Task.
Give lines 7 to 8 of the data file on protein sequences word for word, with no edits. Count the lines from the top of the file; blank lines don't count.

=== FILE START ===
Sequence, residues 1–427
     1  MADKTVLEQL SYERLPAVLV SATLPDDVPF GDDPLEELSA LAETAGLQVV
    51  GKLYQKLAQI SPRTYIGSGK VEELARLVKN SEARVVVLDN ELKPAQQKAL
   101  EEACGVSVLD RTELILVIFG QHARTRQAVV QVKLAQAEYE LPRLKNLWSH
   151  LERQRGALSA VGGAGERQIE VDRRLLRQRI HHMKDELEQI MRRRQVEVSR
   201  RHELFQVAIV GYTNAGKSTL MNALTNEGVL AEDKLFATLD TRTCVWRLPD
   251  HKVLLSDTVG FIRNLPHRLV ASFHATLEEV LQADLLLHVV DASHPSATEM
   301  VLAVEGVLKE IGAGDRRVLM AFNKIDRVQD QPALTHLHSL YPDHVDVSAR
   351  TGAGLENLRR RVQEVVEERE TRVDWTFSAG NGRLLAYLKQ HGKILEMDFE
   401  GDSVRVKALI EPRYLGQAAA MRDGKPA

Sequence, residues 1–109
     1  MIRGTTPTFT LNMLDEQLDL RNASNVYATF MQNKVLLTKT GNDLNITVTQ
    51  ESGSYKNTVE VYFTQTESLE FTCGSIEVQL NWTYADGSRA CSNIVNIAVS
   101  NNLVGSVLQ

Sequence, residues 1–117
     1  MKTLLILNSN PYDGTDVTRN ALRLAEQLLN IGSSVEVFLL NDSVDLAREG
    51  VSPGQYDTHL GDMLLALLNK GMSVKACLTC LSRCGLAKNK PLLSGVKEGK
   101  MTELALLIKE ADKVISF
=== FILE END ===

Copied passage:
   251  HKVLLSDTVG FIRNLPHRLV ASFHATLEEV LQADLLLHVV DASHPSATEM
   301  VLAVEGVLKE IGAGDRRVLM AFNKIDRVQD QPALTHLHSL YPDHVDVSAR